Form and Content
Henry David Thoreau is an extended critical essay depending, according to Joseph Wood Krutch, more than usual upon the experiences and predicaments of Thoreau’s life. Thus, although generally following a chronological pattern, the book is everywhere infused with a richly textured criticism looking backward and forward for echoes and resonance. Although the biography lacks notes, there is a brief introductory bibliography, and Krutch carefully identifies sources as he presents both biographical commentary and critical assessment.
The first chapter, “When the Smoke Is Blown Away,” is a view of Thoreau’s essential philosophy. “Simplify” was his constant injunction, so that one may live a joyous life. Thoreau’s life was the attempt of an individual to live the ideal of simplicity and enjoyment, proceeding from the realization that one’s circumstances would always argue for the bland conformity that served as a basis for society.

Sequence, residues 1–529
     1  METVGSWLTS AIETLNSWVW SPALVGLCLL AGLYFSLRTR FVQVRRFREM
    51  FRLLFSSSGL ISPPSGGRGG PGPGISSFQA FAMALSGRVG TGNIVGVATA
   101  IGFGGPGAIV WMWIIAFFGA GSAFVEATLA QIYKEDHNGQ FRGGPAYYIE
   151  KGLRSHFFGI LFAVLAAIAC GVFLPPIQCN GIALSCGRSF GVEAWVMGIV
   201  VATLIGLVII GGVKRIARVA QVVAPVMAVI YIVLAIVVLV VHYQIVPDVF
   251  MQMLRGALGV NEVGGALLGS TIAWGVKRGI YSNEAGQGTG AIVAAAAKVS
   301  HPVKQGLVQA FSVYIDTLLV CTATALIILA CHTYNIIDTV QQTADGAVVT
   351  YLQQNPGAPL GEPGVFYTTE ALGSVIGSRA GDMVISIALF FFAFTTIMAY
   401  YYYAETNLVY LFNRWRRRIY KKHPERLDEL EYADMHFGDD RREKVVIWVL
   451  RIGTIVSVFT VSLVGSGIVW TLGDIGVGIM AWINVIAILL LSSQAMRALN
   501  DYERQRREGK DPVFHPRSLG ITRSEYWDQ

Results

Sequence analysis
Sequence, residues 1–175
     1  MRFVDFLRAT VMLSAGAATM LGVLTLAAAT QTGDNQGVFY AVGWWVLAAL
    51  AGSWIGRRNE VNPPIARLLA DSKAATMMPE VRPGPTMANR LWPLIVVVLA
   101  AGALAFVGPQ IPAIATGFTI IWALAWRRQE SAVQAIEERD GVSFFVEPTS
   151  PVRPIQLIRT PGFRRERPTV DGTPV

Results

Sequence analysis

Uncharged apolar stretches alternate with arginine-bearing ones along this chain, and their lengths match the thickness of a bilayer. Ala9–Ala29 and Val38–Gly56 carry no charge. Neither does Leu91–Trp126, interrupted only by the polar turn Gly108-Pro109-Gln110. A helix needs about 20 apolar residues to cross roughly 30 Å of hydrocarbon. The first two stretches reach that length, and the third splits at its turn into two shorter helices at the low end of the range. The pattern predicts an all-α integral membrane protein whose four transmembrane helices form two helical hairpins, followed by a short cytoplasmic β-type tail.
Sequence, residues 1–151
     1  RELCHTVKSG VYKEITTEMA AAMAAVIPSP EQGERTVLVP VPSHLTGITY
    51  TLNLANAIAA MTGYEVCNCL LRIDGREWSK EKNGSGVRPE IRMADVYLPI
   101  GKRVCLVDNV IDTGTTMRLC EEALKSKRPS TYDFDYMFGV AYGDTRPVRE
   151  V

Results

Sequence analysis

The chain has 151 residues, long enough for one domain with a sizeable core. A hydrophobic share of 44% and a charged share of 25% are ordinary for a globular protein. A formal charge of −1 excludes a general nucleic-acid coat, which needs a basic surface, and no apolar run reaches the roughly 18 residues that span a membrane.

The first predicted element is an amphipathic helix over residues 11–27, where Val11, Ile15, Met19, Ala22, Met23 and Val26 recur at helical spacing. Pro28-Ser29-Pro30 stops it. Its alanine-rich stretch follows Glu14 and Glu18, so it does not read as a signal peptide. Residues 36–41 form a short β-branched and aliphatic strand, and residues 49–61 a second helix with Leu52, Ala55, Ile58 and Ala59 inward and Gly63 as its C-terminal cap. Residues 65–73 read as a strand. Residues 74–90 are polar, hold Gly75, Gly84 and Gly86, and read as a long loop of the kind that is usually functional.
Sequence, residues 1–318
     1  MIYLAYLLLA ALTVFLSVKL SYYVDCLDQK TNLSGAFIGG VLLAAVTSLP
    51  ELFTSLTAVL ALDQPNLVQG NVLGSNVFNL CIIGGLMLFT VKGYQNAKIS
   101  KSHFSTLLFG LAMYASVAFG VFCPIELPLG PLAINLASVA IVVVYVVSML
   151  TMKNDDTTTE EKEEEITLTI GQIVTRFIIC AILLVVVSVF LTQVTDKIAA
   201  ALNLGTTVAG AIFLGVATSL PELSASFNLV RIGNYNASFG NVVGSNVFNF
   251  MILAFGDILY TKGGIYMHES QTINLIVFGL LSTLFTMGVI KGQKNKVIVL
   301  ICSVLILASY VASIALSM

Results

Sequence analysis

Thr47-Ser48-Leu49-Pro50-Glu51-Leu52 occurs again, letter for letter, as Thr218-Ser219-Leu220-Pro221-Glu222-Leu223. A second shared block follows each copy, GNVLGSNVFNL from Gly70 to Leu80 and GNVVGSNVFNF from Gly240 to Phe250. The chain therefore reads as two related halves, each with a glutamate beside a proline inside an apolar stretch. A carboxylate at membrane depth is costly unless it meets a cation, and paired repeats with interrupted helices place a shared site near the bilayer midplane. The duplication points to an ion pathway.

“A Joy Which Knew Not Its Origin” is a brief account of Thoreau’s life to the age of twenty-four, from 1817 to 1841, focusing on the intellectual and psychological factors that influenced the emerging author. Although Thoreau’s creative life clearly blossomed after he read Ralph Waldo Emerson’s Nature (1836) shortly after its publication, Krutch argues that Thoreau was less wedded philosophically to Emerson’s thought than outward circumstances might suggest. Thoreau’s early venture into private education was less unsuccessful than uncongenial to his developing temperament...
(The entire section is 640 words.)